Some observations on his subject matter and the process that makes the paintings.
His able draughsmanship is both used and rejected. David received an academic education at his London Art School; hours drawing before original and casts of 'art historical' sculpture have stood him in good stead for his working practice, passages are carefully rendered, utilizing skills of modeling and perspective laws. He is also just as likely to abandon precise description, bringing the viewer directly back to the very nature of applied pigment; then raw paint and deft drawing seemingly flick between the moment painted and now.
In his paintings there is inevitably a sense of place; the works are documents about that time when they were made. The LA river series is an example; one witnesses the structures, the feeling of being on the riverbed, bemusing the people living there by setting up his instruments for recording the moment: Sumi ink, water colour paper. On the side of his drawing board he attaches a 'Camera lucida,' a drawing aid from the past; its vulnerability and apparent redundancy keep him in touch with the process of making the work. This visualizing aid consists of a telescopic rod to which one can attach lenses of different focal lengths; by placing one's eye close to the glass, a prism effect reveals the subject as well as the image on paper. David explains that, apart from helping him locate key points in the drawing, it also allows the process to become the subject.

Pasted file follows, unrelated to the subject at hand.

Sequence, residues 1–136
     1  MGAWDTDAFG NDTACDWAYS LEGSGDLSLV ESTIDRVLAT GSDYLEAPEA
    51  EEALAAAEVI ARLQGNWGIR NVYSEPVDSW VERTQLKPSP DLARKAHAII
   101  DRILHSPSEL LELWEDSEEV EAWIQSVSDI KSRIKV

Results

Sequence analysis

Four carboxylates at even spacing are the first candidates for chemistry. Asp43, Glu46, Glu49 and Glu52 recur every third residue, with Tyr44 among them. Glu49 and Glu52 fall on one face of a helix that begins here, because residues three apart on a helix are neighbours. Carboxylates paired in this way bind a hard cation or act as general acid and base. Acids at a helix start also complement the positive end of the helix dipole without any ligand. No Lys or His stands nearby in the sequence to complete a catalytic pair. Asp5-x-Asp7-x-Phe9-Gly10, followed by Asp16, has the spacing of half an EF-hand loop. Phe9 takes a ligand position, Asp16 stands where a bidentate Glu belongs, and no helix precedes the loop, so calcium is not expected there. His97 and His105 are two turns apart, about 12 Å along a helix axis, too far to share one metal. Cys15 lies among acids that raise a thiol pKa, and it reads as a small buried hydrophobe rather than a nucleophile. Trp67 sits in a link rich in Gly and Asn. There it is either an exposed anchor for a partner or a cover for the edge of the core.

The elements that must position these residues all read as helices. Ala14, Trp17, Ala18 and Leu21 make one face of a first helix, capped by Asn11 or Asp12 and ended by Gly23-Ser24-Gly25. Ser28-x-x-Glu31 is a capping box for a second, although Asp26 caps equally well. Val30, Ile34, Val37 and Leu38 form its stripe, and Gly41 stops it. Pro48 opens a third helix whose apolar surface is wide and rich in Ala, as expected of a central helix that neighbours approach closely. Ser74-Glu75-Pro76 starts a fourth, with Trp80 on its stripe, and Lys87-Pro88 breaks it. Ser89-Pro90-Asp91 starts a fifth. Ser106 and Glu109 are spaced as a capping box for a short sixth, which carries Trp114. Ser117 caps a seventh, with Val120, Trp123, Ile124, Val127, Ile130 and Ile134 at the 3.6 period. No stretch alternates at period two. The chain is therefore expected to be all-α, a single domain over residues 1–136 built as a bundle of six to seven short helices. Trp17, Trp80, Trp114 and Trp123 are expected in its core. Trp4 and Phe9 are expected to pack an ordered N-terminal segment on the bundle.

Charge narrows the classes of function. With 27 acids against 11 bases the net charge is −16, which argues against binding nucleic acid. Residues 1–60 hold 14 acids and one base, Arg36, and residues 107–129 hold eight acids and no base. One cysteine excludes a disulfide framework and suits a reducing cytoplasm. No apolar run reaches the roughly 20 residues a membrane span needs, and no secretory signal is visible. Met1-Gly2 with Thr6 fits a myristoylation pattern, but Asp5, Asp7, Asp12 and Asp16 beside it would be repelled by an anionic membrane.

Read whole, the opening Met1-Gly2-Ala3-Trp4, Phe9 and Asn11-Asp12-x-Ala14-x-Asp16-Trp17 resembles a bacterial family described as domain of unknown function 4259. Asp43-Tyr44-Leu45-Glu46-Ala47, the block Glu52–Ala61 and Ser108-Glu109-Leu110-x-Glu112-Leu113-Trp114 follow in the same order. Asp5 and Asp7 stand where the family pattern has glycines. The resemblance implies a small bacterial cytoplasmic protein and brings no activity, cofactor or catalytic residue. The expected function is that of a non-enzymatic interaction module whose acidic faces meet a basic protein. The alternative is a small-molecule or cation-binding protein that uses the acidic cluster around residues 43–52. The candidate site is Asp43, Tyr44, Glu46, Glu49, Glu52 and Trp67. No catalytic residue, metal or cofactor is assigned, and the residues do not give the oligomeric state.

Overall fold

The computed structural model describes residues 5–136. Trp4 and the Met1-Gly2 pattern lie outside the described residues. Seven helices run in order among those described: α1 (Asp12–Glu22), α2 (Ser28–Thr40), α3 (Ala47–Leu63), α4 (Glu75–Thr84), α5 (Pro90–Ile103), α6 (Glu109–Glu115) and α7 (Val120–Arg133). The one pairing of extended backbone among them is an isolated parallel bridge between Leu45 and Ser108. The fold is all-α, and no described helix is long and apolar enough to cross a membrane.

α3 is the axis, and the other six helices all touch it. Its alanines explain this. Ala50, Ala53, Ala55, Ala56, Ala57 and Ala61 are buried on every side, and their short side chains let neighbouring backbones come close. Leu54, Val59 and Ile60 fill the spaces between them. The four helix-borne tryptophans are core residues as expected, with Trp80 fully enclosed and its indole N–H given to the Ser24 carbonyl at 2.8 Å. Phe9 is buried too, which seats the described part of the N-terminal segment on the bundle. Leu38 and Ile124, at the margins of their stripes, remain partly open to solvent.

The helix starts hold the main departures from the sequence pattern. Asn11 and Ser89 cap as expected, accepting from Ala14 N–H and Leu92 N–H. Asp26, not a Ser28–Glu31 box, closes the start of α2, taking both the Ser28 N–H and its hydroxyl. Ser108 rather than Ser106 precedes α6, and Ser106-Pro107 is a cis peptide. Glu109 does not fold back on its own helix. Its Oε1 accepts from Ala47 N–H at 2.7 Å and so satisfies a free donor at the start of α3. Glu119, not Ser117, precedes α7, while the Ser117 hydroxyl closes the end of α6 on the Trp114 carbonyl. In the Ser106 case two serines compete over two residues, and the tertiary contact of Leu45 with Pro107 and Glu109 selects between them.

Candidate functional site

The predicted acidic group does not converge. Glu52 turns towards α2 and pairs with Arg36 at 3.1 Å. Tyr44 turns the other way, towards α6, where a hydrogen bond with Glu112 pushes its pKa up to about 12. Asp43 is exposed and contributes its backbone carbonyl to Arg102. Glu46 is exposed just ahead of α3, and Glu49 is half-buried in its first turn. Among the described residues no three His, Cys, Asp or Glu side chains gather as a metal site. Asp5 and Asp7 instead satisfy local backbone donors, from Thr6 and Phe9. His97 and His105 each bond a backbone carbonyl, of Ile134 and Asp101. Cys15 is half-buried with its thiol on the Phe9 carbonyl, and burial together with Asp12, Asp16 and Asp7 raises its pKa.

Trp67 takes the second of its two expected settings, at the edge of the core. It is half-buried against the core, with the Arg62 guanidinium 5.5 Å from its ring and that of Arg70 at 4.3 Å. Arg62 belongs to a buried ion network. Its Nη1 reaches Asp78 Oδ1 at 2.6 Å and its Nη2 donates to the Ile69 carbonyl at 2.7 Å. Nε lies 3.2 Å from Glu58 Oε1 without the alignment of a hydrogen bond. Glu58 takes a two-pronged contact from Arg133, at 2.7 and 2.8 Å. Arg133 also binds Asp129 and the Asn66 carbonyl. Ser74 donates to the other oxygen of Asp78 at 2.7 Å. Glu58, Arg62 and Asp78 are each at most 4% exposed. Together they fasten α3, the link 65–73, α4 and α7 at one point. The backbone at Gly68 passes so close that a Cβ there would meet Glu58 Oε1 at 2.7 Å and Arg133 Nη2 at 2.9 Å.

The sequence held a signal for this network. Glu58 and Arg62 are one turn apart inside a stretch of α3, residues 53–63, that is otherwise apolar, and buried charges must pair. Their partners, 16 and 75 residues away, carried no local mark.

The concept continues in the studio, when the large blank canvas is segmented and the field drawing is transcribed; then the paintings move further from being depictions of the river and its bridges, gaining their own significance and temperature. This development is a dialogue between the viewer, other artists' works, and awareness of the media and techniques used in the making of the image.
Sian Eddington. Dec'10